I’ve been preparing for my upcoming talks at AVMA Convention 2024. I wanted to share some key points from my talks on defensiveness and how it impacts communication and de-escalations.

The ability to create observational awareness of yourself and others when defensiveness is displayed becomes crucial in preventing conflicts from escalating. The TREND acronym provides a practical framework for identifying and addressing defensive tendencies in ourselves and others.

T (Triggers) — It’s essential to be aware of our own triggers and how our words or actions might trigger defensive responses in others. By taking the time to examine these triggers, we can better understand and manage our reactions and anticipate potential sources of conflict.

R (Response) — Instead of reacting defensively, we should strive to respond with curiosity. Asking open-ended questions and seeking to understand the other person’s perspective can help diffuse defensive or reactive behavior and pave the way for constructive dialogue.

E (Esteem of self and others) — Defensive behavior often stems from a perceived threat to our self-esteem or the esteem of others. By considering our own self-worth and respecting the dignity of those around us, we create an environment where defensiveness is less likely to arise.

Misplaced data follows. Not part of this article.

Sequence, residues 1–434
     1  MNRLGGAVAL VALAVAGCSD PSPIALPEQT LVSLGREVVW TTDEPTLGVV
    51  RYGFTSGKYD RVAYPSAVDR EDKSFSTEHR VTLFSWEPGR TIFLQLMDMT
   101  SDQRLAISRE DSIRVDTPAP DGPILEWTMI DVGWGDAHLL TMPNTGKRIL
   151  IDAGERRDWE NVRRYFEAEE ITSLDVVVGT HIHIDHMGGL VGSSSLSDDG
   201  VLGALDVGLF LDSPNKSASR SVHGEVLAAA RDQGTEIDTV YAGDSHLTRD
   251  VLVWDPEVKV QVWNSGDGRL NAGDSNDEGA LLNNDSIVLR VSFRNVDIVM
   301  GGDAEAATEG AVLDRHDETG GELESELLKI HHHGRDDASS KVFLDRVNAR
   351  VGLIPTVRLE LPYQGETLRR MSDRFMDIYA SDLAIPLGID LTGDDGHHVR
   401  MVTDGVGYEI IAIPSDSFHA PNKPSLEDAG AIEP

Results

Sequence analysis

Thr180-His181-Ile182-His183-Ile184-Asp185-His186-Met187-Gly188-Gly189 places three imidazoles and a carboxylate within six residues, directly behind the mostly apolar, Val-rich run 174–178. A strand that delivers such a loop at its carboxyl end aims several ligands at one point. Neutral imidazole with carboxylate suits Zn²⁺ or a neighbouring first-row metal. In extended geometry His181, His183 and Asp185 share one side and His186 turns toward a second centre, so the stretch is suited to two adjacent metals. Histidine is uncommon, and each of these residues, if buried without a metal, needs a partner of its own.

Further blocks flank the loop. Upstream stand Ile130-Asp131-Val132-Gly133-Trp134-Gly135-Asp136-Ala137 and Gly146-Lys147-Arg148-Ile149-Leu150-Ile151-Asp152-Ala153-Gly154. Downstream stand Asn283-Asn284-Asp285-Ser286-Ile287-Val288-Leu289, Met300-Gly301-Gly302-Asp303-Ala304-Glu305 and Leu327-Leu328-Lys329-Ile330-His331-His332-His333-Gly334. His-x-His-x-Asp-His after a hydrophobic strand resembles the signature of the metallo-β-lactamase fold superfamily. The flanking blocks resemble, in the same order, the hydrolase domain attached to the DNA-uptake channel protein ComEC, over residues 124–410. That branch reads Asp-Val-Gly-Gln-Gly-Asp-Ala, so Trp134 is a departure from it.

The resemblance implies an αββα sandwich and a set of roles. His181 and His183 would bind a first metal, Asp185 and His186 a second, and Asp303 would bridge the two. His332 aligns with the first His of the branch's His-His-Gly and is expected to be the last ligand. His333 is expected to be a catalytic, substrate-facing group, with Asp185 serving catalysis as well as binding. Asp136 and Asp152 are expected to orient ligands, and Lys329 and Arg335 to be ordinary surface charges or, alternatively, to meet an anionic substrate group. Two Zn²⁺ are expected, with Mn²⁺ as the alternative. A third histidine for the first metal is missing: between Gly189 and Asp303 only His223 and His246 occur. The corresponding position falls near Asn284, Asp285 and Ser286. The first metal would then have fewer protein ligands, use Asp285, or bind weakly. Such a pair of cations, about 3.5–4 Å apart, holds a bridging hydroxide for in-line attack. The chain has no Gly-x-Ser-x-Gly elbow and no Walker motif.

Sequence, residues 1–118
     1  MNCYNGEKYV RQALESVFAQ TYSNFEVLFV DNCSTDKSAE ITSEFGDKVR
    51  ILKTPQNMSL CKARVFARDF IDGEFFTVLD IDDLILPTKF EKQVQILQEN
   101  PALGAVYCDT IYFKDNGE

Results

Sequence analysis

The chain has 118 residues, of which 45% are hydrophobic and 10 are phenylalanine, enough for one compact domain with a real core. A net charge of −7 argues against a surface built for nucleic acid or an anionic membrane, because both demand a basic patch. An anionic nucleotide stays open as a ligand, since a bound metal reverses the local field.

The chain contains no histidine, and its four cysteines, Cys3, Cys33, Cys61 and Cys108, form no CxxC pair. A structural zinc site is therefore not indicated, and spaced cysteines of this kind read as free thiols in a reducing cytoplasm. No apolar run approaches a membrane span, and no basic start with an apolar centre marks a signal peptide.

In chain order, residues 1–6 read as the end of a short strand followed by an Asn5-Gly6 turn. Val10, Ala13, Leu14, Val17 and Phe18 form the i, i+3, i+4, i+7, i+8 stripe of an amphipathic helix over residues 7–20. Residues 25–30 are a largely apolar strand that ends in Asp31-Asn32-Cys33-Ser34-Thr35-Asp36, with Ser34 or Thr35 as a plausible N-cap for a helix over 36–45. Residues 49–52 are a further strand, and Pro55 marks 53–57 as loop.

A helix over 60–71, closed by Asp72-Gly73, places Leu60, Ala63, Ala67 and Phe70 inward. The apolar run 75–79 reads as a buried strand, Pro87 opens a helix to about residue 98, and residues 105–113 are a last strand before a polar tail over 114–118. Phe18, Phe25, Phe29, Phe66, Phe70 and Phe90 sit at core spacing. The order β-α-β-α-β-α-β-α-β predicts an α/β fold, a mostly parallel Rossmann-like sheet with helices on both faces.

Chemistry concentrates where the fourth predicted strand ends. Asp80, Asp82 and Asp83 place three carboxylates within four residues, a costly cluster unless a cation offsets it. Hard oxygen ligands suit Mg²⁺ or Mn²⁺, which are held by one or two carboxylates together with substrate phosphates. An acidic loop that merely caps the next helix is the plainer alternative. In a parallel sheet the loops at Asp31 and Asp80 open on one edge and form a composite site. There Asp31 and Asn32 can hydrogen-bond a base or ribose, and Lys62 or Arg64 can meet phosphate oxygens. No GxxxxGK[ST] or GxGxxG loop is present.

N (New ways to communicate) — Encouraging collaborative discussion and active listening can introduce new, more effective ways of communicating. This atmosphere fosters mutual understanding and reduces the need for defensive posturing.

D (Deal with it early) — Addressing issues promptly and providing opportunities for all parties to express their feelings can prevent defensive behavior from taking root. Encouraging people to write down their thoughts and emotions can help them articulate their perspectives more clearly and objectively.

We can better recognize and mitigate defensive behavior by incorporating the TREND approach into our interactions. This improves communication, fosters more productive dialogues, and helps build stronger relationships based on mutual understanding, trust, and respect.

It’s important to remember that defensive behavior is a natural human response, often rooted in our desire to protect ourselves or our beliefs. By acknowledging and addressing it in a constructive manner, we can create an environment where open and honest communication can flourish, ultimately leading to more positive outcomes for all involved.

Want to hear more about this topic? Join me in Austin, TX at the AVMA Convention June 21-25, 2024.

graphic that says I'm speaking at AVMA Convention



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